All foods are allowed the week that follows this Sunday.

February 26

Photini the Samaritan Woman & her martyred sisters: Anatole, Phota, Photis, Praskevi, & Kyriaki

Saint Photini lived in 1st century Palestine and was the woman that Christ met at Jacob's Well in Samaria as recorded in the Gospel according to John (4:4-26). After her encounter with Christ, she and her whole family were baptized by the Apostles and became evangelists of the early Church. Photini and her children eventually were summoned before the emperor Nero and instructed to renounce their faith in Christ. They refused to do so, accepting rather to suffer various tortures. After many efforts to force her to surrender to idolatry, the emperor ordered that she be thrown down a well. Photini gave up her life in the year 66.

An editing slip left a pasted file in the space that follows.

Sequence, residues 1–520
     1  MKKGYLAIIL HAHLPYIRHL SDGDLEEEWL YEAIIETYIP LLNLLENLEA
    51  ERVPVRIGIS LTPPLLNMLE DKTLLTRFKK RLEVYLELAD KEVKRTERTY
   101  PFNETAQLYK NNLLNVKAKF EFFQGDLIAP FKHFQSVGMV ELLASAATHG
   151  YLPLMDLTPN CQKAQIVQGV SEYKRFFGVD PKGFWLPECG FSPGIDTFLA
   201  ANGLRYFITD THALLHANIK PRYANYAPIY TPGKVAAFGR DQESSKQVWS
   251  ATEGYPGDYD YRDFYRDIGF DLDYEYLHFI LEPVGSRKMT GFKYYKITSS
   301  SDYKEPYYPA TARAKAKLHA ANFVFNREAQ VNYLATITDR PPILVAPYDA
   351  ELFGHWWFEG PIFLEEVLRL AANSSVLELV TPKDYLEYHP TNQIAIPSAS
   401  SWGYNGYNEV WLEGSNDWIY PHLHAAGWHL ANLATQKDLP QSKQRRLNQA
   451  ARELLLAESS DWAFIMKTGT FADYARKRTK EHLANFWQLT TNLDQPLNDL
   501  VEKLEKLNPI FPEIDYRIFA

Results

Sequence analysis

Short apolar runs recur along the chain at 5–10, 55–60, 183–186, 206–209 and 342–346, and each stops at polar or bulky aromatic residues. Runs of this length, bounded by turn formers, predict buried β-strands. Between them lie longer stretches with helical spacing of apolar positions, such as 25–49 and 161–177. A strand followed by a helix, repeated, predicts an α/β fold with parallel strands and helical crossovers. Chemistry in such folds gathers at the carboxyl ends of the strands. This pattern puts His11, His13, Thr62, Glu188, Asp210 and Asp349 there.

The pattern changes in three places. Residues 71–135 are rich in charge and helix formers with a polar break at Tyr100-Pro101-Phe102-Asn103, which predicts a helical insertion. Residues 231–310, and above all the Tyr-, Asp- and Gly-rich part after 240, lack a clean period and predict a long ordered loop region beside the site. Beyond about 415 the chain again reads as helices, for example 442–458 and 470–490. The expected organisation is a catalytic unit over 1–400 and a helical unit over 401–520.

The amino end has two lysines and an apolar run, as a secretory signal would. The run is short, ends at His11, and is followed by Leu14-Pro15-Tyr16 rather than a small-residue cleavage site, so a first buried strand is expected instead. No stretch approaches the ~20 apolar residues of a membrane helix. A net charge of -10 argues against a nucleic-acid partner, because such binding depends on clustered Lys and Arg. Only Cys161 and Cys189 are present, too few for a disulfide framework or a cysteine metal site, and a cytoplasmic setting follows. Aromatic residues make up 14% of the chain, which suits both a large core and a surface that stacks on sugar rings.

St. Photini is commemorated on three occasions during the year: February 26 (Greek tradition), March 20 (Slavic tradition), and the Sunday of the Samaritan Woman on the 5th Sunday of Pascha.

February 27

Raphael of Brooklyn

Saint Raphael Hawaweeny was born on November 8th, 1860 A.D., in Damascus, Syria, to pious Christian parents. He studied Arabic grammar and mathematics at the Antiochian Patriarchate parochial school where he was tonsured a reader in 1874. His strong academics served him well throughout his life, providing for him numerous opportunities to succeed and grow. He accepted a position in 1877 as an assistant teacher of Arabic and Turkish, which became full time in 1879. In 1879 he was tonsured a monk while working with Patriarch Hierotheos at the patriarchate, traveling with him on pastoral visits and serving as his personal assistant.